Mancala World
First Description: Paul
Berger, 1935
Cycles: One
Ranks: Two
Sowing: Multiple laps
Region: Tanzania

Takti is a mancala game played by the Iraqw, a Cushitic people of the Arusha and Manyara Regions of north-central Tanzania. In 2001, the Iraqw population was estimated to number about 462,000.

It was first observed by Paul Berger in 1935 who learned the rules from Antonio Qamunga Manonga, a resident of Wa/ama.

Takti is played with stones on small wooden boards or the holes are dug in the ground.

The game is played by young and old men up from age 15, that is, by men who are old enough to marry, but never by women. There are really skillful players, but a man who fails "will get no praise" according to Berger. Quite the contrary, the mockery associated with a severe loss evokes images of emasculation, castration and homosexuality.

Takti seems to be related to Boola and Endodoi.


The game is played on a board, which consists of two rows (tleehháan), each one with nine holes (boho; during a game: , which means "house").

Each hole contains three stones (tlaa) at the start of the game.


Initial Position

The first move of the game is performed simultaneously. The players empty the last hole on their right and distribute its contents one by one anticlockwise into the following holes.

If the last stone is dropped into an occupied hole, its contents are distributed in another lap.

The move ends, when the last stone falls into an empty hole.

The following moves are done in turns, starting with the player who finished the simultaneous move first.

They may begin from any hole, which contains enough stones to reach the opponent's row in the first lap.

If a player has no hole that contains enough stones, the player may start his move from any occupied hole of his row.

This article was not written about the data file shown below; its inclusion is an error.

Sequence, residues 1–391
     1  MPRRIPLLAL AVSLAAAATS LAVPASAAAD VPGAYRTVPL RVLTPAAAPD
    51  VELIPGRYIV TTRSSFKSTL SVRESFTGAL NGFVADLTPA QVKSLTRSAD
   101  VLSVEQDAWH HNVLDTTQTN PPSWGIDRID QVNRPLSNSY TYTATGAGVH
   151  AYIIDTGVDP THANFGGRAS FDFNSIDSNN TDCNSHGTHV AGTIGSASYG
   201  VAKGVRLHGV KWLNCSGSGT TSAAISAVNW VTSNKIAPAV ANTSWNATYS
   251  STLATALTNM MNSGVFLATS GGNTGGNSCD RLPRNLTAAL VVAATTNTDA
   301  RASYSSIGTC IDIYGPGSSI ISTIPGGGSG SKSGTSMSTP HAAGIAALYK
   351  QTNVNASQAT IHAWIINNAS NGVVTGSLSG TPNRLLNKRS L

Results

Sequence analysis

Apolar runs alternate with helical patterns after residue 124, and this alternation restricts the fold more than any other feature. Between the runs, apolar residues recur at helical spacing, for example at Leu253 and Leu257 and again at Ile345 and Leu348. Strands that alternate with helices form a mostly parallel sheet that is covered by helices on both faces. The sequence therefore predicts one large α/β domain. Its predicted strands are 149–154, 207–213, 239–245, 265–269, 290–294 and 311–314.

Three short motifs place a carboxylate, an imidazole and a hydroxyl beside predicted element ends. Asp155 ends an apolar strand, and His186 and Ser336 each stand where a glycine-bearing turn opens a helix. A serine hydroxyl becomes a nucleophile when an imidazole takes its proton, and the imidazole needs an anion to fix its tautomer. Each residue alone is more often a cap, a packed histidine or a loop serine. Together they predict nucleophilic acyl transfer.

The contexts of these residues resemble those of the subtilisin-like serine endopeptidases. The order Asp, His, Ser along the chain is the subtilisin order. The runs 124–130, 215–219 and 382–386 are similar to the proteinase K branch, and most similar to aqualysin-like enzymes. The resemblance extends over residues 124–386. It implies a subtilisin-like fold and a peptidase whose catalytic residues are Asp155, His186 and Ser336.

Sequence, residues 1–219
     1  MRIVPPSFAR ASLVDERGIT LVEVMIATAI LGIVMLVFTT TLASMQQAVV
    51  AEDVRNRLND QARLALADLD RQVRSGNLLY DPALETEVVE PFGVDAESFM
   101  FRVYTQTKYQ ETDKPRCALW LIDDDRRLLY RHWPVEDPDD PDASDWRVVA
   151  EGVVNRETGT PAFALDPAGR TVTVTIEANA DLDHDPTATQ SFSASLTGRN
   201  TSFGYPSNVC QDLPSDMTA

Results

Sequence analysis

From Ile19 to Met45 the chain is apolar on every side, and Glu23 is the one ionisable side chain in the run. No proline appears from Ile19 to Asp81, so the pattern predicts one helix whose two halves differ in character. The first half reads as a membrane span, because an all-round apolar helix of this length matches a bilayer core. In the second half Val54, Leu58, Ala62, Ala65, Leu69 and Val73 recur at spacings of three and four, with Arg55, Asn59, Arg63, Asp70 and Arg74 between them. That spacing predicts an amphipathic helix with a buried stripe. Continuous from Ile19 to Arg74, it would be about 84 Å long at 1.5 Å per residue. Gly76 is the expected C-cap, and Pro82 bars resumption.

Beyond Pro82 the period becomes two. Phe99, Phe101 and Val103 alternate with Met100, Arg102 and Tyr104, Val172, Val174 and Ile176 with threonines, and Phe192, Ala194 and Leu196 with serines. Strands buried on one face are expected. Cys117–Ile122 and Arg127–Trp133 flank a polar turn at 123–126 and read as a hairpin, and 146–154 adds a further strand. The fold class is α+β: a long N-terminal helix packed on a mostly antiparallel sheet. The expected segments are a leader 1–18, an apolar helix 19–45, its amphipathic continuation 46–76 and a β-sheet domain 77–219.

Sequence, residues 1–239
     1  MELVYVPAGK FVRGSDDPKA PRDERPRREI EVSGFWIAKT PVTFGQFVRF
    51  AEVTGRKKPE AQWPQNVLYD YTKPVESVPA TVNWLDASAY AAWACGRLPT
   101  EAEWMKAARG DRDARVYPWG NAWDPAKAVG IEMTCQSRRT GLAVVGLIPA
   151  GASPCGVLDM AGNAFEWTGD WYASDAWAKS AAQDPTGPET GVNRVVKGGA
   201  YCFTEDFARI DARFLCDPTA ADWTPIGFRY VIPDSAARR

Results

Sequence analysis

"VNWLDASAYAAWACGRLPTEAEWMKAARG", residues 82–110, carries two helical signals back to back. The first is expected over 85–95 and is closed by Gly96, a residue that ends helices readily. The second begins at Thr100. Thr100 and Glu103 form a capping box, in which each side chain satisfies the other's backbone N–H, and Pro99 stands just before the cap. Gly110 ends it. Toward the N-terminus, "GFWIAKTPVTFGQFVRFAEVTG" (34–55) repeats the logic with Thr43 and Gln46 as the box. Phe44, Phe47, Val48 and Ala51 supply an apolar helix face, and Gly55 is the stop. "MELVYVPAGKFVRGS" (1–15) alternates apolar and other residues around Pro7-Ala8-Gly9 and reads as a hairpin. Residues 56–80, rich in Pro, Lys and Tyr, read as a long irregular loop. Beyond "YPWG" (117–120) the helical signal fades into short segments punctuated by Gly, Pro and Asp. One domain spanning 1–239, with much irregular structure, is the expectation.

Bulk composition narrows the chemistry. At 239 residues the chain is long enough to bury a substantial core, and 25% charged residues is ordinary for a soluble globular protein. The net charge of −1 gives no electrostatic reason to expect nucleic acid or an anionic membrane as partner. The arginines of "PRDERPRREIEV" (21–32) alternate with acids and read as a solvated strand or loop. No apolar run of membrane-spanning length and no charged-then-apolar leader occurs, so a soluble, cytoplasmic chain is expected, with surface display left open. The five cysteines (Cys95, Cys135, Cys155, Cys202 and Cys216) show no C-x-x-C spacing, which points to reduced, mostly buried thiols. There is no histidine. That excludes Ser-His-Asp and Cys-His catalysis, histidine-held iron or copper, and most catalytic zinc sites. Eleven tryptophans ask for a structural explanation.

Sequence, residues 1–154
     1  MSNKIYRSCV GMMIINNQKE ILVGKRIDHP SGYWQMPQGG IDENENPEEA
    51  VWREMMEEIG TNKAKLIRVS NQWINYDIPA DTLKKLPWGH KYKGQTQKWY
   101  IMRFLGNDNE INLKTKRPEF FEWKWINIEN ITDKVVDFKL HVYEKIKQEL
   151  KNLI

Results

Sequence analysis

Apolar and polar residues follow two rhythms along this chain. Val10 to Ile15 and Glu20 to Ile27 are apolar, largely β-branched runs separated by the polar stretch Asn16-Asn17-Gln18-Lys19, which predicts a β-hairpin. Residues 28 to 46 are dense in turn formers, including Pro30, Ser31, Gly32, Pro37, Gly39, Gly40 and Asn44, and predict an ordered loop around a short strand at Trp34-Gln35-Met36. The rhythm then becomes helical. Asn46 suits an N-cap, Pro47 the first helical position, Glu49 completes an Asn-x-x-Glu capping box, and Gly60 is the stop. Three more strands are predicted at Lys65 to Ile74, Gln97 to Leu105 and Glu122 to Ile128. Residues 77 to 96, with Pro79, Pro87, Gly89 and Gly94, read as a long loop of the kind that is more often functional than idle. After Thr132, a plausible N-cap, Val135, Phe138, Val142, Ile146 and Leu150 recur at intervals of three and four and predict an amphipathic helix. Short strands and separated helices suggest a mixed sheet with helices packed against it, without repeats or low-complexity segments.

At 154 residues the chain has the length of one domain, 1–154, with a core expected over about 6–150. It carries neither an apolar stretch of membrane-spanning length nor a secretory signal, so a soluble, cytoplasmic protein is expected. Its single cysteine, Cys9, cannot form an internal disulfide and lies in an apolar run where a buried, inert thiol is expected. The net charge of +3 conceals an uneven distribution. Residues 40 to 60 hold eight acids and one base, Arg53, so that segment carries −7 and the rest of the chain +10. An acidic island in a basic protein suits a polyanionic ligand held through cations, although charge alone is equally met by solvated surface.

If the last stone is making a four (except in the first move), this hole becomes a "wife" (haree). Any stone which falls into a wife is owned by her "husband" (i.e. the player who has "married" her).

Neither a move nor a lap may start from a "wife". If the last stone in hand falls into a "wife", the turn ends.

Players can also get a "wife" by "hitting a bull". A "bull (haraduuxún) is a singleton in front of a hole containing three stones, both on the opponent's side. If a player drops his last stone on the "bull" (thus making a two), the "bull" will be "eaten" and becomes the "head" of the "wife" behind. Both holes then serve as accumulation holes.

Players must move if they can, but pass if they can't.

The game ends when all stones are "used up", that is, have been fallen into "wives" and their "heads".

The player who has got more stones in his "wives" (and their "heads") wins.

If a player hasn't married at all, he is called a "cat" (maytsí) and his opponent tells him: "I made you a cat!" (Ugwaa maytsí qáw!).

The game is often played in rounds with players winning or losing holes to their opponent. Then each stone missing to fill a hole is called a "blow on the head".


If a player ends his turn in an empty hole of his own row, he captures the contents of the opposite hole belonging to his opponent, but not from a "wife". The captures are put into a store, if wooden boards are used, or besides the "board", if the holes were dug in the ground.


Berger, P.
Iraqw Texts. Rüdiger Köppe Verlag, Cologne (Germany) 1989.


© Ralf Gering
Under the CC by-sa 2.5 license.